“The steady march of progress that has been powered by the American marketplace,” is indeed where I give credit for minority business success. I think it will continue.

  3. SouthoftheJames.com Avatar
    SouthoftheJames.com

    JAB: In all honesty, I’d say that it depends on the industry, with Democrats favoring New Economy firms (IT, biotech, etc.) and Republicans (manufacturing, banking, etc.) favoring Old Economy firms. Neither party has a monopoly on entrepreneurship, both have been bold and brave at various points in time (JFK/LBJ on Civil Rights, Reagan/Bush on Cold War), and both have equally guilty records on hand-outs to their special interests (Labor v. Oil/Farmers). But, when those special interests are ethnic minorities, everyone gets especially frothy.

    Will: To me, the big problem with government procurement is the preferences toward companies of certain sizes. As for targeted “help” programs, private-sector minority supplier dealer and diversity efforts have probably played a more significant role in the development of black business enterprises in recent decades.

  4. James Atticus Bowden Avatar
    James Atticus Bowden

    Conaway: I was just joshing.

    But, I did teach American Government. The ‘classical’ definition of politics dating to the 50’s is Lasswell’s “who gets what”. To which I had when, where, why and how.

    It is indeed amusing how government and business in a mixed economy produce ‘partnerships’ to one and ‘handouts’ to another.

    Politics is why the Federal Tax code is tens of thousands of pages and the Commonwealth’s is plenty long too.

  5. Ray Hyde Avatar

    “black-owned businesses appear to be going the way of the…black population, which for the past decade has been increasingly lured into the suburbs.”

    This is interesting to me in the light of my previous arguments with EMR on this subject.

    Below, I mention a recent study that indicates what the actual travel costs are wich are associated with lower density vs higher density. It turns out that a greater proportion of higher income families live in lower density areas: It is now hard to say that these people don’t have the “choice” to live in the high cost areas, but rather they have chosen not to.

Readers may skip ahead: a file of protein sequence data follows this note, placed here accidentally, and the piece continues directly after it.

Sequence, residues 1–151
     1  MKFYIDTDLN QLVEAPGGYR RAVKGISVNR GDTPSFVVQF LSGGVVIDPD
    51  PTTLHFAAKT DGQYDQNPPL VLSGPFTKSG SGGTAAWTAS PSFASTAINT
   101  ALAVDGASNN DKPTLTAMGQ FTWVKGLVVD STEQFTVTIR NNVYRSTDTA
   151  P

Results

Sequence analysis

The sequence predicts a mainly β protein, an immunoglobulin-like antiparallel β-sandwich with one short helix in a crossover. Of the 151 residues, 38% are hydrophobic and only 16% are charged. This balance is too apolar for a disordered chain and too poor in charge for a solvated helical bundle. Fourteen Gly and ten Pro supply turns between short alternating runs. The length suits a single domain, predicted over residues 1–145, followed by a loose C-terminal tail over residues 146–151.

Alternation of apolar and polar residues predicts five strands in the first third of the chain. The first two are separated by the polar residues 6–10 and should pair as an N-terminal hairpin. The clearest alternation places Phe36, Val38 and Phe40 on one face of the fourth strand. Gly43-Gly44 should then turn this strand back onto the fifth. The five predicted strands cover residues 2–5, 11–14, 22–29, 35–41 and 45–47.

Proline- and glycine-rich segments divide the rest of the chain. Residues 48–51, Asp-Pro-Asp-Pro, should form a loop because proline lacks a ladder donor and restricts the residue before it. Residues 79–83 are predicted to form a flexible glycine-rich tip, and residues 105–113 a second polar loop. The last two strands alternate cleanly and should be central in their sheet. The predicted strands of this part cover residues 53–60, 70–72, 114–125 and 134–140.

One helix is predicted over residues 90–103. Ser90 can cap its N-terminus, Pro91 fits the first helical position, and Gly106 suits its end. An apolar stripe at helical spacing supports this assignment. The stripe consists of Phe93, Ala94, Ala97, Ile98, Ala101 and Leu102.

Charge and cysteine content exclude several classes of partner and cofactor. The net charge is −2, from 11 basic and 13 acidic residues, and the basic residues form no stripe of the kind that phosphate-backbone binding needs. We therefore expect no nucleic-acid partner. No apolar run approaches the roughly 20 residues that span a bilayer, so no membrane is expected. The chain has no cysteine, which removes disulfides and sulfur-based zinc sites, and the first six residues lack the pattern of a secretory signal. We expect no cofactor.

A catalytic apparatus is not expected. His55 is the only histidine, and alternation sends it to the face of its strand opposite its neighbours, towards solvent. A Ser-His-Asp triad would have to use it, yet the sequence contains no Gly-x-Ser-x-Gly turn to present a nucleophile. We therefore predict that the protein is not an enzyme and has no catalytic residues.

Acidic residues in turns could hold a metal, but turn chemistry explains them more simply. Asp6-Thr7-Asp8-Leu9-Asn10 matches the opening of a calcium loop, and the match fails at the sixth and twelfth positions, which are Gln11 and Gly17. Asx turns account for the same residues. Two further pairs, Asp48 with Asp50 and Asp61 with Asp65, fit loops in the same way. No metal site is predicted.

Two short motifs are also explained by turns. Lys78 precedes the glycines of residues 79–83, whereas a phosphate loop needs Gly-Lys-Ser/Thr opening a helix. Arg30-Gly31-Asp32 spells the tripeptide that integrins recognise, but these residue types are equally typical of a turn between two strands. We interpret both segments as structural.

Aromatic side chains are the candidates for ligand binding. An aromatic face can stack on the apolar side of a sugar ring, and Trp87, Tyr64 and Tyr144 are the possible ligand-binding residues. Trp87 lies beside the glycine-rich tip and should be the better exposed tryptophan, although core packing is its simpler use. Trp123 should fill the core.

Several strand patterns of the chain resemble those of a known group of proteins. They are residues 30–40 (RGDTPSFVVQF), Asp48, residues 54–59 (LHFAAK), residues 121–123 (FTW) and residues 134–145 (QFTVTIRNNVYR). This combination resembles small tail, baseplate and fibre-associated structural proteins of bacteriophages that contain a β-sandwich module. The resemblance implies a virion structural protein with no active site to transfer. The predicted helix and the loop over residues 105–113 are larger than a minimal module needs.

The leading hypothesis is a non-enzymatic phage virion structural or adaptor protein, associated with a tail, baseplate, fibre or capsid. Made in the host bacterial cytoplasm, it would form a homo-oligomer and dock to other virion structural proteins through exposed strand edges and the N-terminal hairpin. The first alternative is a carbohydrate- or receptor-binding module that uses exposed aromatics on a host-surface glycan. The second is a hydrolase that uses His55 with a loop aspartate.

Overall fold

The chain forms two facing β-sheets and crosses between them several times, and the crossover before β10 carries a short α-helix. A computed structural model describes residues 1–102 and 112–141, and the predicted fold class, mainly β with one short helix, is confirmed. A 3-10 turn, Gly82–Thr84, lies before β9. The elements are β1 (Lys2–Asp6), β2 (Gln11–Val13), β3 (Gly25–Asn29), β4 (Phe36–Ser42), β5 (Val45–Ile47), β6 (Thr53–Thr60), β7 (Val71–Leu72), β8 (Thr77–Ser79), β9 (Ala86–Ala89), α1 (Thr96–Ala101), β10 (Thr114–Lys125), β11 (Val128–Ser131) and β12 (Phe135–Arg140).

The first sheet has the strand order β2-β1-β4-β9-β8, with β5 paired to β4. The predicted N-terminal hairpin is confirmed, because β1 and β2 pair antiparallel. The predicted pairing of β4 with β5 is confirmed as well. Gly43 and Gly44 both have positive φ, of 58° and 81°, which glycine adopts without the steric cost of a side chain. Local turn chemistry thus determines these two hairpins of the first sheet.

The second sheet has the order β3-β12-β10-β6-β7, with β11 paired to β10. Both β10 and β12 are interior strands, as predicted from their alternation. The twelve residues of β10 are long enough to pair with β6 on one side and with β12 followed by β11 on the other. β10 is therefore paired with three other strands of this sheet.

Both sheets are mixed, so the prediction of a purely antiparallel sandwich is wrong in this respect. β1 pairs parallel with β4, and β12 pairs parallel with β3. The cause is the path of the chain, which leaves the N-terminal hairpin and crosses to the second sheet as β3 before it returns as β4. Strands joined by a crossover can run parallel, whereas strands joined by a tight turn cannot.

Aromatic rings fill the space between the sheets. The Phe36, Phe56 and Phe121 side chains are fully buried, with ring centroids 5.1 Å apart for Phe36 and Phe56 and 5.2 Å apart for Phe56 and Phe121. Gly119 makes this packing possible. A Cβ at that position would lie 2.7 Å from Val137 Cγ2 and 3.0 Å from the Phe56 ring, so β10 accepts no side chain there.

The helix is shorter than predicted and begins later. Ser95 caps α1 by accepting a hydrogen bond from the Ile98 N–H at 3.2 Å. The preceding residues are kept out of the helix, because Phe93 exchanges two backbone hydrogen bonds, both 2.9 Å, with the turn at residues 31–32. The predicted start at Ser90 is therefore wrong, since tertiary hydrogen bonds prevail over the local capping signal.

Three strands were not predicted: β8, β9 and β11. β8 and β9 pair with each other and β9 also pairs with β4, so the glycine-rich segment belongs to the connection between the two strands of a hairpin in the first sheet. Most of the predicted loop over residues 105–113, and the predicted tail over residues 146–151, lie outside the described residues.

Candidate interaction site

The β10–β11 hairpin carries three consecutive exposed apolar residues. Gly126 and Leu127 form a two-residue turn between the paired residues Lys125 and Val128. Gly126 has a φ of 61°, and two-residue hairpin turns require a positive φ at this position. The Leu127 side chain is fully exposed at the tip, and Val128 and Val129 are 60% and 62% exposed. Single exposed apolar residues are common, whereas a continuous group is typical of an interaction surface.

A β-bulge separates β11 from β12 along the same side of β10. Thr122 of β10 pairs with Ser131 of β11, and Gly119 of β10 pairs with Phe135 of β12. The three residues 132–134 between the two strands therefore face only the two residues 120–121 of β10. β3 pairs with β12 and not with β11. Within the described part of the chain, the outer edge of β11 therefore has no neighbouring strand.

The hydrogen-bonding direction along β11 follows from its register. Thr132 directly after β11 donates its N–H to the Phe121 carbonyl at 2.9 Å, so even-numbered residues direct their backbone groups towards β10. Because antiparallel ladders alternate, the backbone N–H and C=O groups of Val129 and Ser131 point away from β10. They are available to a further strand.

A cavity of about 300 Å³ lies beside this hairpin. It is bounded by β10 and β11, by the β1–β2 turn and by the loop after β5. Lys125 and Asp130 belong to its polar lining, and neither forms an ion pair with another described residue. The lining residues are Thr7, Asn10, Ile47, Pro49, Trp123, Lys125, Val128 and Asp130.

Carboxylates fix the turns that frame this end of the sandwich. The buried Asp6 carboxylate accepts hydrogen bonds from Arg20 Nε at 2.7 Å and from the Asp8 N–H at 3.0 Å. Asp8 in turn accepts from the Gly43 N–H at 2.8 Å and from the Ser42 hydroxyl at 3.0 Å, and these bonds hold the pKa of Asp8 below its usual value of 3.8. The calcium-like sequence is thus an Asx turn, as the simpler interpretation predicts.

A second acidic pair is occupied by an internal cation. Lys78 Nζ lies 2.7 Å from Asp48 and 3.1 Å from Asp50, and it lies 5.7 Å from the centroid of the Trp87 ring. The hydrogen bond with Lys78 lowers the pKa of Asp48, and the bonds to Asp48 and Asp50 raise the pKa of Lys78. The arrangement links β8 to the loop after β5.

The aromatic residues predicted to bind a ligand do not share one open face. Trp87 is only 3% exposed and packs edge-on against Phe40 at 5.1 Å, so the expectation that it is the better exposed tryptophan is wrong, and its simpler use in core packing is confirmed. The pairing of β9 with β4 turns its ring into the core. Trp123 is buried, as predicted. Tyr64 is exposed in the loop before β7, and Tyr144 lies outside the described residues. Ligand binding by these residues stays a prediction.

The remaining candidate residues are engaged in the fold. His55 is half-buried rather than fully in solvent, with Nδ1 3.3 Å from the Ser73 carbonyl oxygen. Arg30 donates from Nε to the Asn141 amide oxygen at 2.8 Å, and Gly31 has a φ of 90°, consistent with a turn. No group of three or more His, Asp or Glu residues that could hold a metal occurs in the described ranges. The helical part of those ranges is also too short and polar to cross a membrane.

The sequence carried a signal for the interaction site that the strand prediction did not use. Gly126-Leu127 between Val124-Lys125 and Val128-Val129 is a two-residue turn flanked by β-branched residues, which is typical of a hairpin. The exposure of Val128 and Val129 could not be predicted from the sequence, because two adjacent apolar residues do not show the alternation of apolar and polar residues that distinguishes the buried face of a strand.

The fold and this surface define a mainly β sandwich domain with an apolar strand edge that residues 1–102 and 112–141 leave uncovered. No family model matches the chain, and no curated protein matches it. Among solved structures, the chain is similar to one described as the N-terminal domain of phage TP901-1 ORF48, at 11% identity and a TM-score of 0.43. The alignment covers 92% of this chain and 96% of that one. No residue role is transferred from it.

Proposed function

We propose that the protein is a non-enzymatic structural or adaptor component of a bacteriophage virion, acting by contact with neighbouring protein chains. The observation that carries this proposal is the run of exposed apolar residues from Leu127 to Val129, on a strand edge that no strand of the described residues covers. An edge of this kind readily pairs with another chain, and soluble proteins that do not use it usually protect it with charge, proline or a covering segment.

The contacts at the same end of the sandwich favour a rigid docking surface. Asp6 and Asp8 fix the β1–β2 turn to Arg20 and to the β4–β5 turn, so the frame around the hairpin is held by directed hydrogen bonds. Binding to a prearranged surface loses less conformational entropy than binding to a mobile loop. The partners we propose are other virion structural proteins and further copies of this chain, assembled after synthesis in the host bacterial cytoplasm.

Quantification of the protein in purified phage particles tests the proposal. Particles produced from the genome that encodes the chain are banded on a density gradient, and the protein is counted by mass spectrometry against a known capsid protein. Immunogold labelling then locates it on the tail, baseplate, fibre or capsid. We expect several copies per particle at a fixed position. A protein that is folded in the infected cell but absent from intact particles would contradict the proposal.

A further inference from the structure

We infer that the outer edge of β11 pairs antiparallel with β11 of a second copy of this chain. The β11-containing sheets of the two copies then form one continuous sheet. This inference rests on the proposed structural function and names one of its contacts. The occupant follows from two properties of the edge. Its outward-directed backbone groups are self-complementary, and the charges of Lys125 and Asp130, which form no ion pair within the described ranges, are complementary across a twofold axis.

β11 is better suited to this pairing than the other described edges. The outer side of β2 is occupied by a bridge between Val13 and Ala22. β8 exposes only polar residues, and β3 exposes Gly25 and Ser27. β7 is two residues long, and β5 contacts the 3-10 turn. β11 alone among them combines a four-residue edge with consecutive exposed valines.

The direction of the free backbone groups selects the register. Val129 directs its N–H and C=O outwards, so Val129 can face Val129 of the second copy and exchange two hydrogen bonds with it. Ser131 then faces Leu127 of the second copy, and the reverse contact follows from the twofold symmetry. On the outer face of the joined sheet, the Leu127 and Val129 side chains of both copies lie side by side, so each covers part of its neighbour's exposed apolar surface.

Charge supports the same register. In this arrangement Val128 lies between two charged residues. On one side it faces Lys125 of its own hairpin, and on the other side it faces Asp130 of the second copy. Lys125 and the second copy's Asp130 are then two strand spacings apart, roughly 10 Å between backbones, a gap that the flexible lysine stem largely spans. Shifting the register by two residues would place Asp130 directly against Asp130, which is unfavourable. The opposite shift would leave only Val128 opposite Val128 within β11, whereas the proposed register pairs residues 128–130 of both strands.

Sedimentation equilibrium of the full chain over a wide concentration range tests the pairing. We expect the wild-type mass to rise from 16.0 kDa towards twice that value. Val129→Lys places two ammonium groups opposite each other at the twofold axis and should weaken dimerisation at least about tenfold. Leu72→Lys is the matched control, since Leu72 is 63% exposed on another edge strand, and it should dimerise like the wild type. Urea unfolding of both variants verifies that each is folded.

Jim Bacon will no doubt say the operative word is “lured”, but the question is lured by what, opportunity?

  6. SouthoftheJames.com Avatar
    SouthoftheJames.com

    Lured by what attracts tons of Americans: good schools, lower crime, ample space for housing, and employment opportunities.

  7. Jim Bacon Avatar
    Jim Bacon

    Random comments on this thread:

    As I recall from reading the Times-Dispatch article that Conaway alludes to, the vast majority of African-American businesses in the Richmond region are micro-enterprises employing only a handful of people. By contrast, Fairfax County is home to three of the largest black-owned businesses in the country. I would wager that the African-American population in Fairfax has a significantly higher level of education than in Richmond (as it probably does among all ethnic groups). The rising level of education, I would guess, is the single-most important variable in explaining the increase in entrepreneurial activity among African-Americans.

    I’m not minimizing the importance of micro-enterprises, by the way. Most people have to walk before they run. Some of those micro-enterprises will prosper and grow into significant businesses over time.

    Regarding Will’s comment that African-Americans seem to be drawn to certain sectors of the economy… No surprise there. As Thomas Sowell has observed, almost every ethnic group that has come to America has differing cultural attributes that have made them more competitive in certain sectors of the economy…. I would add this comment, though: Based on personal observation, it seems that a lot more African-Americans are entering tech fields these days than did 15 or 20 years ago. I suspect that we’ll see more African-American technology entrepreneurship in the next generation.

    Finally, on Ray’s point… I’m not sure what the point is. African-Americans who could afford to have left failing inner cities just as whites have. And I’ll wager that affluent, empty-nester African-Americans are moving back into urban cores to enjoy the benefits of shorter commutes and more vibrant cultural opportunities — just like affluent, empty-nester whites are doing. The phenomenon of wealth in the African-American community is relatively recent, however, and the number of affluent African-Americans of empty-nester age is relatively small, so the reverse migration (if it exists, as I hypothesize) may be too small to notice.